Toronto

Pearson Airport expecting busiest March Break travel day since pandemic began

Authorities at Toronto's Pearson International Airport have a warning for March Break travellers on what's expected to be the busiest day there since the pandemic began. "Pack your patience," they say, because some COVID-19 restrictions are still in place.

Vaccination, testing requirements still in place and will take extra time, authorities warn

Passengers line up at Pearson International Airport. The Greater Toronto Airports Authority is warning travellers to be prepared for delays and long lines on Friday as Pearson is expecting its busiest day since the COVID-19 pandemic began. (Evan Mitsui/CBC)

Friday is expected to be the busiest travel day at Canada's biggest airport since the pandemic began, with an estimated 85,000 people flying in and out on their March Break vacations — but authorities are warning passengers to "pack your patience."

It's the first time since 2019 the annual holiday will happen without recommendations against non-essential travel in effect, and it comes shortly after Canada lifted the requirement for returning travellers to provide a negative result on a PCR test. But the Greater Toronto Airports Authority (GTAA) is warning passengers at Pearson International Airport to expect delays due to the COVID-19 measures still in place.

"It is a little bit of a different experience," said Rachel Bertone, a senior adviser with the GTAA. 

"There are going to be a little bit longer processing times because of the COVID-19 health checks. So, if you're arriving in terminal, we're asking passengers to pack your patience," she said in an interview.

What to know if you're travelling

Airport authorities recommend passengers do the following:

  • Arrive at least 90 minutes prior to departure for a domestic flight.
  • If you're travelling internationally, get to the airport three hours before takeoff. 
  • Wear masks. They're still required on flights and inside terminals and that rule will be in place even after the March 21 lifting of Ontario's mask mandate, as airport terminals fall under federal jurisdiction.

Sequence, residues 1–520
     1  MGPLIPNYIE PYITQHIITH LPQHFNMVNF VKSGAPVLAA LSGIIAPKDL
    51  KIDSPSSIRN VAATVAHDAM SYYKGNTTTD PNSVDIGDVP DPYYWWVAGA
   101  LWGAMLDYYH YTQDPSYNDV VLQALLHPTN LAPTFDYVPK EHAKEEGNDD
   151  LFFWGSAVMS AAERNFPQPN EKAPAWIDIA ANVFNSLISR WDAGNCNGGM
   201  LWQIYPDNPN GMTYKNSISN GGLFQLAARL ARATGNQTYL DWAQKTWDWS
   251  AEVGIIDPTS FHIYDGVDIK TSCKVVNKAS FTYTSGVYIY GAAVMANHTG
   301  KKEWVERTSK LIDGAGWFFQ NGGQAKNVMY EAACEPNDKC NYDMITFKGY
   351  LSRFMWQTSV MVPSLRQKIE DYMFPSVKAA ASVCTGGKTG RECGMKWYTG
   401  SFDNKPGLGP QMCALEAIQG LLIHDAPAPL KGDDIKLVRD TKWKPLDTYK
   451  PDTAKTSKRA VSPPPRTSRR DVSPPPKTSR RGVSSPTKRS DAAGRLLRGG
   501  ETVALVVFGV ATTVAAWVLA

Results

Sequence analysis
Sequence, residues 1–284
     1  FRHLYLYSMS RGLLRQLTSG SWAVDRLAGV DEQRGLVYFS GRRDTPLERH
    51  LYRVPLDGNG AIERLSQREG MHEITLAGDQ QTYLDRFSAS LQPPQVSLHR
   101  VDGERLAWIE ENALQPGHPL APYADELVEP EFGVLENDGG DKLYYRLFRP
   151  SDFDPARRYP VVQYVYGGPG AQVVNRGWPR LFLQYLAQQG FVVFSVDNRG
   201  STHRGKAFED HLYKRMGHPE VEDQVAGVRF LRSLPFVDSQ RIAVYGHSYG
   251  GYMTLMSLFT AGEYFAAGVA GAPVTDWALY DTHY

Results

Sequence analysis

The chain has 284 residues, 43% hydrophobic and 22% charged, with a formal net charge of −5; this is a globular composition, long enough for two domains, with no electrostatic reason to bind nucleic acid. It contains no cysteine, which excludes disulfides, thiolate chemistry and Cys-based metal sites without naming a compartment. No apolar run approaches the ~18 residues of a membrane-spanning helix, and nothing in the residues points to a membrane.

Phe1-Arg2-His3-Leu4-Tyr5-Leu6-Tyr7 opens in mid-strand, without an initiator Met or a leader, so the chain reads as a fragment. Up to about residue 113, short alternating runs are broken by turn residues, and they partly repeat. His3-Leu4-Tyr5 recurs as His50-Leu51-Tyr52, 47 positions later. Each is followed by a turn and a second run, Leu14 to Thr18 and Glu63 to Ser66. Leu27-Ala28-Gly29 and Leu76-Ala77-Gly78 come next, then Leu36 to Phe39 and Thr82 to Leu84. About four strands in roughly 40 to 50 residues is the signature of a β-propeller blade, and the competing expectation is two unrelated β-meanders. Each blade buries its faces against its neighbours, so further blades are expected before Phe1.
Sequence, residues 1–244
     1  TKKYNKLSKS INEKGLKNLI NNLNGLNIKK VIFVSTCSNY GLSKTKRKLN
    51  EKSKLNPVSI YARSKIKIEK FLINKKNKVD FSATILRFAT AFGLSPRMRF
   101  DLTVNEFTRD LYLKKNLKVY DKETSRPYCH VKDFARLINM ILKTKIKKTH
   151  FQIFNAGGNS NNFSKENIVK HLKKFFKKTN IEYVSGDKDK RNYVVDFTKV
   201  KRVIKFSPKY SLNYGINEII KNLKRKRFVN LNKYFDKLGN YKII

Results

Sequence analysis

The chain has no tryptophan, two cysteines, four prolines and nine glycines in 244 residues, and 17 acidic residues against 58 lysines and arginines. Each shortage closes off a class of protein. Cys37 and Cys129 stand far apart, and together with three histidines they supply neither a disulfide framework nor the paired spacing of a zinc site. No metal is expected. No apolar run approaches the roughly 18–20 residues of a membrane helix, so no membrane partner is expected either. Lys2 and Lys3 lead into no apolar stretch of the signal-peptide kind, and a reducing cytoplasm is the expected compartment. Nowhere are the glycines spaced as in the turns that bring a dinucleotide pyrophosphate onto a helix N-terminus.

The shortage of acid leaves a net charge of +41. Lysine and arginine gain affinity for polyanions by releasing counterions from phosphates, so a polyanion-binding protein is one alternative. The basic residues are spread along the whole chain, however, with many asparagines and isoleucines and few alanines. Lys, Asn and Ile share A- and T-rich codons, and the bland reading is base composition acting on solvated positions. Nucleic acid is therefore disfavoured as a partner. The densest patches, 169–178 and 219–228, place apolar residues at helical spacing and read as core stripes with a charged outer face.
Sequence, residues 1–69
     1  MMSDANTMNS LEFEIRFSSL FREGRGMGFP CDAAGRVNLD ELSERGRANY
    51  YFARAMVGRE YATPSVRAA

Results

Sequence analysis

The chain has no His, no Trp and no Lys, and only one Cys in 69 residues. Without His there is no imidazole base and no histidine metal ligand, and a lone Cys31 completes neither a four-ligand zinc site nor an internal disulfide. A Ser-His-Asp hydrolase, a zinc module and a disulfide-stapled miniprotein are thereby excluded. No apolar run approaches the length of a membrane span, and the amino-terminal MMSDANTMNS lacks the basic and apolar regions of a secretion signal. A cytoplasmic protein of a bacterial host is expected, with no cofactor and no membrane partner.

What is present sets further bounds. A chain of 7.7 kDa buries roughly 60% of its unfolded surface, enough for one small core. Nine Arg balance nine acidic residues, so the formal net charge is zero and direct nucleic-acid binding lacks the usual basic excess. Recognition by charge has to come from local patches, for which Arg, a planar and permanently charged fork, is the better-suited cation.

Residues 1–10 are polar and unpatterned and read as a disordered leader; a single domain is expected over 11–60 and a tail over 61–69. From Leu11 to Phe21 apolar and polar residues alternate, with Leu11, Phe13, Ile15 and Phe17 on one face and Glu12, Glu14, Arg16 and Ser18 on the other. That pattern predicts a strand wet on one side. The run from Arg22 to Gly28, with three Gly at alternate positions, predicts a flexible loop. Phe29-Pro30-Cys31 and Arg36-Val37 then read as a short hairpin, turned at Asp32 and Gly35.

• Make sure all family members are fully vaccinated if they're over the age of 12. 

While returning to Canada no longer requires a PCR test, travellers must produce a negative result on a rapid antigen test taken no more than 24 hours before their flight.

Destinations may have their own testing and vaccination requirements that travellers should be aware of before booking, according to Richard Smart, president and CEO of the Travel Industry Council of Ontario. 

Richard Smart, CEO of the Travel Industry Council of Ontario, says Ontario travel agents have been very busy recently as people are becoming more comfortable and travelling more. (Submitted by TICO)

Smart recommends booking your trip through an agency that is familiar with the situation and can assist with the necessary COVID-19 paperwork. 

"It is really important that consumers speak with their authorized travel agency and agent to get the information that they need to be confident and informed before they make that travel purchase," Smart said in an interview. 

"Because it's very much destination dependent."

Concerns about testing abroad

Many Canadians have already had a first-hand look at the new realities of travel. And while there are rules and regulations in place, some are concerned that they're not being taken seriously.

Before returning from a vacation in the Dominican Republic last week, Yasamin Namaki took the required rapid antigen test. The resort she was staying provided and administered it.

Yasamin Namaki, a registered practical nurse, recently travelled to the Dominican Republic. She says the rapid COVID-19 tests required to return to Canada weren't done properly. (Yasamin Namaki )

But Namaki, a registered practical nurse, says the nasal swabbing for the tests wasn't very thorough and was done by what she considered inexperienced staff in a small clinic where masks were not mandatory.

"As a nurse, I know that the swab has to go into the nose to be able to get some kind of mucus. And the lady, she just put it right at the tip of my nose. And that's it. Nothing," Namaki said in an interview.

No one on her flight time tested positive, but after several days of partying at the resort in large groups, Namaki says it's likely someone contracted COVID-19 because cases were missed.

"It just didn't look serious." 

ABOUT THE AUTHOR

Trevor Dunn is an award-winning journalist with CBC Toronto. Since 2008 he's covered a variety of topics, ranging from local and national politics to technology on the South American countryside. Trevor is interested in uncovering news: real estate, crime, corruption, art, sports. Reach out to him. Se habla español. trevor.dunn@cbc.ca

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